Wednesday, October 30, 2013

Friday, October 4, 2013

Islamists in Indonesia block efforts to build church, despite permit

Despite having a permit to build a church to accommodate 11,000 people, some 200 members of the Islamic Defenders Front are blocking efforts to construct St. Barbara's in the Indonesian city of Tangerang on Java Island.

The Fides news agency reports that
among the population in Tangerang, leaflets of the Islamic Defenders Front (FPI ) and other Islamic organizations united in the Islamic forum "Sudimara Pinang" that are opposed to the construction of the church, are circulating. According to the forum, "the church is a threat to Islam, and if the construction of the church continues, Christians will convert Muslims in the coming decades". As Fides learns, the Muslim religious leaders in Tangerang have distanced themselves from this position, stating that " it is wrong to stir up religious tensions" and appeal to tolerance and peaceful religious coexistence, essential trait of Indonesia.
The permit itself took twenty-three years to obtain and, according to reports from the Jakarta Globe, this is not the first time the parish has met with similar persecution:
The parish has faced intolerance before. In 2004, protestors forced the church to relocate from the Sang Timur school in Ciledug. Protestors built a wall across a road, blocking access to the school. The wall still stands.

Persecution: The unreported catastrophe of our time

The persecution of Christians throughout the world is occurring with greater frequency every day, though you may not know if from what you see in the much of the media today.  Writing for The Spectator, John L. Allen, Jr. recently wrote on what he calls "the unreported catastrophe of our time":
Imagine if correspondents in late 1944 had reported the Battle of the Bulge, but without explaining that it was a turning point in the second world war. Or what if finance reporters had told the story of the AIG meltdown in 2008 without adding that it raised questions about derivatives and sub-prime mortgages that could augur a vast financial implosion?
Most people would say that journalists had failed to provide the proper context to understand the news. Yet that’s routinely what media outlets do when it comes to outbreaks of anti-Christian persecution around the world, which is why the global war on Christians remains the greatest story never told of the early 21st century.
Throughout the remained of the article, Allen, who is one of the few reporters actually paying attention to this tragedy, provides a country-by-country in various parts of the world, which is well worth reading.  After providing these accounts of an increasing global persecution over the past several years, Allen asks why this remains largely  unreported:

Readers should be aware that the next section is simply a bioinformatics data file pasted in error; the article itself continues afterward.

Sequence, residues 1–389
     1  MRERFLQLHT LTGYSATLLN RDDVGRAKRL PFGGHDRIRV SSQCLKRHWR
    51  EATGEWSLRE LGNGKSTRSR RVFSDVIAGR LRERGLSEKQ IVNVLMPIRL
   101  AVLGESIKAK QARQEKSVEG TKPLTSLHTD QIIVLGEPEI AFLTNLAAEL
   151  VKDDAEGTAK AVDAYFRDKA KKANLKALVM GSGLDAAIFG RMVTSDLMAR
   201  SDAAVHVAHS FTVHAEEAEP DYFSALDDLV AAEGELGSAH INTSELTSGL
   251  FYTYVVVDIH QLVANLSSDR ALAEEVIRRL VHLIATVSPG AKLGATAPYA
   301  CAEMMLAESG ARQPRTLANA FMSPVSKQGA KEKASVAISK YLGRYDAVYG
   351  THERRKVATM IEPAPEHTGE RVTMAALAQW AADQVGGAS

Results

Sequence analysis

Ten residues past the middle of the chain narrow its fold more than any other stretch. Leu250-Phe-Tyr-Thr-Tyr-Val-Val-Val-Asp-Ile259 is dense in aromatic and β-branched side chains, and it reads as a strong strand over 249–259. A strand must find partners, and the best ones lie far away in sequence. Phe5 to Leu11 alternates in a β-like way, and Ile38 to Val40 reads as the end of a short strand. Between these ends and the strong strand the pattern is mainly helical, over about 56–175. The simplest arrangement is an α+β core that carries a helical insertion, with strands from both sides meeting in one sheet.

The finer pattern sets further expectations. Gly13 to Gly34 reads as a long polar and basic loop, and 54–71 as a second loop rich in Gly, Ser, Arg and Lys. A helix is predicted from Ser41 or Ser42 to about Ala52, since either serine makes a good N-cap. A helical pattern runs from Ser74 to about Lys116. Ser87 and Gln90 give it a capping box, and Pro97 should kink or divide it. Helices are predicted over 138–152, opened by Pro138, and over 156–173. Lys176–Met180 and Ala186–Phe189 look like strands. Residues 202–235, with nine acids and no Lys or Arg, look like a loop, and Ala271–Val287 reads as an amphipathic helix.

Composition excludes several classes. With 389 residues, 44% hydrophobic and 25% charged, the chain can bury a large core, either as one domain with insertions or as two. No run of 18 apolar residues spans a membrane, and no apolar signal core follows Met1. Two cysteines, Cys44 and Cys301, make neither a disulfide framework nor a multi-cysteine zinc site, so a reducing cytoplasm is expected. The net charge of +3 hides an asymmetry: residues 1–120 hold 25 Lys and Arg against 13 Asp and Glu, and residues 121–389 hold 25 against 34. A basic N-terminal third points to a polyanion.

Why are the dimensions of this global war so often overlooked? Aside from the root fact that the victims are largely non-white and poor, and thus not considered ‘newsmakers’ in the classic sense, and that they tend to live and die well off the radar screen of western attention, the global war also runs up against the outdated stereotype of Christianity as the oppressor rather than the oppressed.
Say ‘religious persecution’ to most makers of cultured secular opinion, and they will think of the Crusades, the Inquisition, Bruno and Galileo, the Wars of Religion and the Salem witch trials. Today, however, we do not live on the pages of a Dan Brown potboiler, in which Christians are dispatching mad assassins to settle historical scores. Instead, they’re the ones fleeing assassins others have dispatched.
If you've ever attempted to alert others to the reality of what is happening to our brothers and sisters in so much of the world, you'll know he's correct.

Please, read the entire article, fast and pray for the persecuted, and help to spread the news.

The article is written in connection to the publication of Allen's latest book, The Global War on Christians: Dispatches from the Front Lines of Anti-Christian Persecution, which I hope to be able to find in Rome.

Wednesday, October 2, 2013

Islamists attack Christian village in northern Syria

A new wave of difficulties has befallen Christians living in the ancient city of Sednaya in northern Syria followed a raid by Islamists that left one man dead:
In yesterday’s raid a person died and one person was wounded among the local Christians. A religious from Sednaya , who requested anonymity, told Fides that "this is banditry but it is also a vendetta against Christians. We would not want to give a meaning to these acts of religious persecution, but they are targeted attacks that have the effect of creating confusion and fear among civilians". The tactic of armed gangs now is sudden raids that create terror among the civilian population, resulting in an exodus [more].
The Christians who have fled to Damascus have formed a "Committee" and lament the fact that most of the world pays them little attention: "We appeal strongly to the international community. Nobody helps us," said a representative to the Fides News Agency.  "Islamic radicalism is becoming more discriminatory. We feel unprotected. No one does anything to prevent these human right abuses: we ask the UN Commission in Geneva to intervene."

What is more, the situation for Christians in Syria is becoming increasingly difficult: